Newspaper article The Florida Times Union
Brownouts Likely as Utilities near Limits Hot Spells Seen Straining Capacity
WASHINGTON -- As this summer moves into its hottest months, federal officials and the power industry are keeping a watchful eye on the nation's electric grids and cautioning that a severe hot spell -- combined with possible supply problems -- could cause power outages in some parts of the country.
As the $220 billion electricity industry moves toward more competition, there are growing concerns that the power industry is running too close to the edge in providing electricity when it is most needed -- during peak summer demand.
Spurred on by the growing economy and increased reliance on computers and other electrical devices, electricity demand has been increasing 2 percent to 3 percent a year, while production has lagged. Meanwhile, the safety cushion has dropped to below 15 percent of generating capacity, far below the 25 percent of a decade ago.
Signs of problems have already shown up in some areas this summer.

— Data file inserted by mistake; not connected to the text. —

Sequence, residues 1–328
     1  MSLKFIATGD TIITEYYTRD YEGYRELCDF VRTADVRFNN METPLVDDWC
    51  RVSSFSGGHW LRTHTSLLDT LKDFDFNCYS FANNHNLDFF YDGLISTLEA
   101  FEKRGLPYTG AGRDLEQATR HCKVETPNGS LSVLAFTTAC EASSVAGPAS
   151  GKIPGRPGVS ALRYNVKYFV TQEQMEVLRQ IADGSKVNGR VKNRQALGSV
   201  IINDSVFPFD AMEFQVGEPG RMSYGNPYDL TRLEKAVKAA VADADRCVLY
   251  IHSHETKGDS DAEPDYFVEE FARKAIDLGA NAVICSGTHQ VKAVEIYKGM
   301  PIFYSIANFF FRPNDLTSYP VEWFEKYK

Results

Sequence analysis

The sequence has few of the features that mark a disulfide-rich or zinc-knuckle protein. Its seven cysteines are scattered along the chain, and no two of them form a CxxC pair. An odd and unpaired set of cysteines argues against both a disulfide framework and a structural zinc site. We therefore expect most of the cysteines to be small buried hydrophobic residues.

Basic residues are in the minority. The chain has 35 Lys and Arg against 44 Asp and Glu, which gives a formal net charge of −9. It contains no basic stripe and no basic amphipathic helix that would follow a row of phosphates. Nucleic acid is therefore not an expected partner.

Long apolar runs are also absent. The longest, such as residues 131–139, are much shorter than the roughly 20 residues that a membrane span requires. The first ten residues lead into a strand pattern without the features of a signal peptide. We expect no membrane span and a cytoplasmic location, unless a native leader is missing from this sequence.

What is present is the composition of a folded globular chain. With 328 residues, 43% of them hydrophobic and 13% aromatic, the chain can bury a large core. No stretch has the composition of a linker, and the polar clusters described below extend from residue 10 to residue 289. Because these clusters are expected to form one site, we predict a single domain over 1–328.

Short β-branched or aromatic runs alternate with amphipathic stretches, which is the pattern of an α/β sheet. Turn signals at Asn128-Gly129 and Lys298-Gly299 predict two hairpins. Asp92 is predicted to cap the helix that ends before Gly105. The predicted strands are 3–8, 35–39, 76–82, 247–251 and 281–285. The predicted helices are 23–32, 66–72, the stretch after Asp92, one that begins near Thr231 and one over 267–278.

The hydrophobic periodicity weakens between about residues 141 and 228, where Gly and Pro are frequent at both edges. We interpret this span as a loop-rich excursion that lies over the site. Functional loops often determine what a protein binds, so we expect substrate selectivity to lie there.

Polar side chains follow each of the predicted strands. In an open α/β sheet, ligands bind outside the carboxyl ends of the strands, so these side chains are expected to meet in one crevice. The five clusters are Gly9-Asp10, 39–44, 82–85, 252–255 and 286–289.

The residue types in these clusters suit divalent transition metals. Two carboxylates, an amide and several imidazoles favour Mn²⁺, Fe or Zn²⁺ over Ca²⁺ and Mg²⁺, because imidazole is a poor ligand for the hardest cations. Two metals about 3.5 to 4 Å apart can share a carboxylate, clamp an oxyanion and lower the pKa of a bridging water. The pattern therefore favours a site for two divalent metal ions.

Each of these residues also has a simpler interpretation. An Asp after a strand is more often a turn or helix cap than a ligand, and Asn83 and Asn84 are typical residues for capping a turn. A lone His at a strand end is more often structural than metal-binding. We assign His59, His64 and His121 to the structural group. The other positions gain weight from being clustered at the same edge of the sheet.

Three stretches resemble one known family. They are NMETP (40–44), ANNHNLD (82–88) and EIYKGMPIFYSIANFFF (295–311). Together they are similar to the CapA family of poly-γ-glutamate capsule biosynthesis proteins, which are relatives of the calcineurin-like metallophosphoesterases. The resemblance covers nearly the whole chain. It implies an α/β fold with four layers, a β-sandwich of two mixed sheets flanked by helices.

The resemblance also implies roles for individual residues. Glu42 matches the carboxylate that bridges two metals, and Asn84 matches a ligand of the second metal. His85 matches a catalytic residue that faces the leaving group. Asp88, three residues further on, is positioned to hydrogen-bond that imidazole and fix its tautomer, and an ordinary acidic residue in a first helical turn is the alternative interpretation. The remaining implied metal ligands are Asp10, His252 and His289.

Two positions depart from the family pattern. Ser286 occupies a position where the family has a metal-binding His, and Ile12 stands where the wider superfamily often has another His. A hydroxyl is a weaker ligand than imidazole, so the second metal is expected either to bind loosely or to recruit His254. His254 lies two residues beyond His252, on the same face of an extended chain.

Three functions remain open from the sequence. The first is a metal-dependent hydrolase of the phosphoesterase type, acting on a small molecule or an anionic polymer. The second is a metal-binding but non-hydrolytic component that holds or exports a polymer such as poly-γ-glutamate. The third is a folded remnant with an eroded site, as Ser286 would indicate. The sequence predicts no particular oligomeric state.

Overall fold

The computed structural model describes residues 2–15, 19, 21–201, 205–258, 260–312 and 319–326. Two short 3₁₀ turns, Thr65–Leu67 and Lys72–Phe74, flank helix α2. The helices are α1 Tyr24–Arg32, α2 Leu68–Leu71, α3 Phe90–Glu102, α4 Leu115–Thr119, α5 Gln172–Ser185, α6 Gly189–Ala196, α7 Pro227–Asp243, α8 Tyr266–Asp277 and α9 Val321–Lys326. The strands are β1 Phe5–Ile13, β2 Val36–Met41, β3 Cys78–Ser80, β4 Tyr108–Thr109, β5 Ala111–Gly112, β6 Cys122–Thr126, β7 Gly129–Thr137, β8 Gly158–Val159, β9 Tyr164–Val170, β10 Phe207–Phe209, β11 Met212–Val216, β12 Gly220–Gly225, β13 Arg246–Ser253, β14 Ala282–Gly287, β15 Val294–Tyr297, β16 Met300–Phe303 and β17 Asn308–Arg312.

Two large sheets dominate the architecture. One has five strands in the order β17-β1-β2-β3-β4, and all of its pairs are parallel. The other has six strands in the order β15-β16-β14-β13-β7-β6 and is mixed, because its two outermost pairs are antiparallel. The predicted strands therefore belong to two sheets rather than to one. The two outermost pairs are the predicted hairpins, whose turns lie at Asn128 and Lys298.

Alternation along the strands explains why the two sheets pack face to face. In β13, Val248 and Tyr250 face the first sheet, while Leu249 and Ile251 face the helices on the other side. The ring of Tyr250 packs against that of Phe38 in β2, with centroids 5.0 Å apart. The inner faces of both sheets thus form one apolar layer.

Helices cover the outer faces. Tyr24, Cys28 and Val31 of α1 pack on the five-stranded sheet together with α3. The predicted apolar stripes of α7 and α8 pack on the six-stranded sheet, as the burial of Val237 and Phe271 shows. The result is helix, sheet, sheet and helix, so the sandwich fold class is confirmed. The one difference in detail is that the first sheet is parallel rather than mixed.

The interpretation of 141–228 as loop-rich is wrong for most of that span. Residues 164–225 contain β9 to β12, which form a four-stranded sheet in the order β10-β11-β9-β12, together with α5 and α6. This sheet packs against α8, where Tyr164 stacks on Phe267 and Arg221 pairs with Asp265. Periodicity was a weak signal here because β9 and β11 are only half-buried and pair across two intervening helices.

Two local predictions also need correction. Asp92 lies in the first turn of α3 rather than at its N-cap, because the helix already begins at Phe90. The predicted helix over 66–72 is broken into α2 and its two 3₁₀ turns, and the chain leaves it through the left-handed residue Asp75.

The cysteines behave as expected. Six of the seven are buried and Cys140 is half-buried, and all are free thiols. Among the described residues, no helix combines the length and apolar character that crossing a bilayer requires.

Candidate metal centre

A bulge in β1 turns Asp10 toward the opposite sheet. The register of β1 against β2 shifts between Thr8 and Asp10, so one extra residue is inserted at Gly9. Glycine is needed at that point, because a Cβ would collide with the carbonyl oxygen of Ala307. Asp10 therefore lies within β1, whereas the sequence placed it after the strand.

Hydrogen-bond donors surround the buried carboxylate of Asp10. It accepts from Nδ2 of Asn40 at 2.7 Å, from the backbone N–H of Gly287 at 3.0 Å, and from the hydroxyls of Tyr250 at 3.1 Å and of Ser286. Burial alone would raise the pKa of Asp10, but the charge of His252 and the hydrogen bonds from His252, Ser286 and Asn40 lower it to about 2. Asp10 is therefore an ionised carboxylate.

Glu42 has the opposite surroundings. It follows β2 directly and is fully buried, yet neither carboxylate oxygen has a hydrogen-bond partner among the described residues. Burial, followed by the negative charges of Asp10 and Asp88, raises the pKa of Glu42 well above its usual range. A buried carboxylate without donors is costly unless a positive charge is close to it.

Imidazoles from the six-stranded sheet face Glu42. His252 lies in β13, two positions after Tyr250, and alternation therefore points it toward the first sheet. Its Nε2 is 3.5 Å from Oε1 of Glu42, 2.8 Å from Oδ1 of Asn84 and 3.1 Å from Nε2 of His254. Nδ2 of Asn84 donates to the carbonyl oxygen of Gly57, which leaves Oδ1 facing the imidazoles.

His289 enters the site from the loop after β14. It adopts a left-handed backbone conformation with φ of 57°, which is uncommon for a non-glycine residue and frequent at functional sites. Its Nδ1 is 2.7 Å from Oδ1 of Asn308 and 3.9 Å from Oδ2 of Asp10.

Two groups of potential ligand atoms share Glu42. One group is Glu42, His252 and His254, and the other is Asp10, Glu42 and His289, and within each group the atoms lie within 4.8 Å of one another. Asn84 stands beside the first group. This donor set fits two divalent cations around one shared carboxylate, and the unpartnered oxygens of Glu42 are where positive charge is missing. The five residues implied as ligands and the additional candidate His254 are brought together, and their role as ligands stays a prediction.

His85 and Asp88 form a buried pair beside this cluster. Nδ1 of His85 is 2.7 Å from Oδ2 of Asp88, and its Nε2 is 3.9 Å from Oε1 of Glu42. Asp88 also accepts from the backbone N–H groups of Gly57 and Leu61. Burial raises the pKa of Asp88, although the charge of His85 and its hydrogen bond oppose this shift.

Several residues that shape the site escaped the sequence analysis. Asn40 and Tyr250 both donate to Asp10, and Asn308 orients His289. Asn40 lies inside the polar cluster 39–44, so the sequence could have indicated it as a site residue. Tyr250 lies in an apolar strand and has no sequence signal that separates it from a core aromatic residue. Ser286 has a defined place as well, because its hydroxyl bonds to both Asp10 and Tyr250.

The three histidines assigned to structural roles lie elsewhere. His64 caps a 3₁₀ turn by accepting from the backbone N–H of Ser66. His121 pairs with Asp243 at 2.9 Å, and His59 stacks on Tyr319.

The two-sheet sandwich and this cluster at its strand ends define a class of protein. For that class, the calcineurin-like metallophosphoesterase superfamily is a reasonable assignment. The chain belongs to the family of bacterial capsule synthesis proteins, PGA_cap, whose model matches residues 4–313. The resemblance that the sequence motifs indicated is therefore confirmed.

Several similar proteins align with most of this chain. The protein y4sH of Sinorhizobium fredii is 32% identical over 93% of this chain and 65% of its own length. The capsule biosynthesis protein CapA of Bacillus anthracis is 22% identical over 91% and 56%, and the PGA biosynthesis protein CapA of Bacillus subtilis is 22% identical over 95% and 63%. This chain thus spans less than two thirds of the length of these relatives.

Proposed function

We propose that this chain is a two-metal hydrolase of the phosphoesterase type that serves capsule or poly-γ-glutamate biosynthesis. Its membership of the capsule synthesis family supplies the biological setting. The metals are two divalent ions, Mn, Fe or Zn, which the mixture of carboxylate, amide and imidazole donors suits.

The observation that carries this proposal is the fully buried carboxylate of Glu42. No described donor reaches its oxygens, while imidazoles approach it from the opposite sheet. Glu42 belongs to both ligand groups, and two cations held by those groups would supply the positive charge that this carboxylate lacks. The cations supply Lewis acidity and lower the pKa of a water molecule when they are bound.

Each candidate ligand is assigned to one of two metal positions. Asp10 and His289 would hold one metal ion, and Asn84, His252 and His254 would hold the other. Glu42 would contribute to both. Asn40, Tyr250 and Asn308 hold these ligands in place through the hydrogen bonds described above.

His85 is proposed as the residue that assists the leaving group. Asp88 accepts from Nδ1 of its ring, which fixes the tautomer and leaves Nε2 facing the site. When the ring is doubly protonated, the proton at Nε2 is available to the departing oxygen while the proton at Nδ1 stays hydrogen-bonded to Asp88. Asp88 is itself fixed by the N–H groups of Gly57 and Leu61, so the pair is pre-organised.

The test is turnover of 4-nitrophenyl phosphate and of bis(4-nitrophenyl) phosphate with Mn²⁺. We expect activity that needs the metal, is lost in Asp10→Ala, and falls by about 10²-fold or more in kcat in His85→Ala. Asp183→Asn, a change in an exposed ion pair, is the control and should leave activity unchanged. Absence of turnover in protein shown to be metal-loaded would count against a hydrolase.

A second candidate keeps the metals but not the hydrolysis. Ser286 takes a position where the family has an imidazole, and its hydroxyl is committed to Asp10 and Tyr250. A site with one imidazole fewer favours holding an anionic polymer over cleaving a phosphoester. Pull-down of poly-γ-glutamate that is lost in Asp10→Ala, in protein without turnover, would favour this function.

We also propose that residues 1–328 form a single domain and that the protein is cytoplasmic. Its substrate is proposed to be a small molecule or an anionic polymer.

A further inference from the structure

For most of last week, California was under a "stage II power watch" in which customers were asked to keep down electricity use and power was withheld from some commercial users because of tight supplies as temperatures soared in the 100-degree range.
Although milder temperatures have eased the strain on the state's electricity system, Patrick Dorinson, a spokesman for the California Independent System Operator, which manages the state's flow of electricity, says the problem isn't over.
"Everything is on a day-to-day basis," he said. ". . . "We expect another heat wave next week."
The Energy Department and an industry-sponsored watchdog group -- the North American Electric Reliability Council -- says the Southwest, California and much of the Northeast, especially New York and New England -- face the greatest electricity reliability concerns this summer.
Others are not as certain either in New England or elsewhere.
The power problems that already surfaced in New England and California "could be an ominous sign," said Energy Secretary Bill Richardson, who has held a series of regional meetings on electric reliability issues. …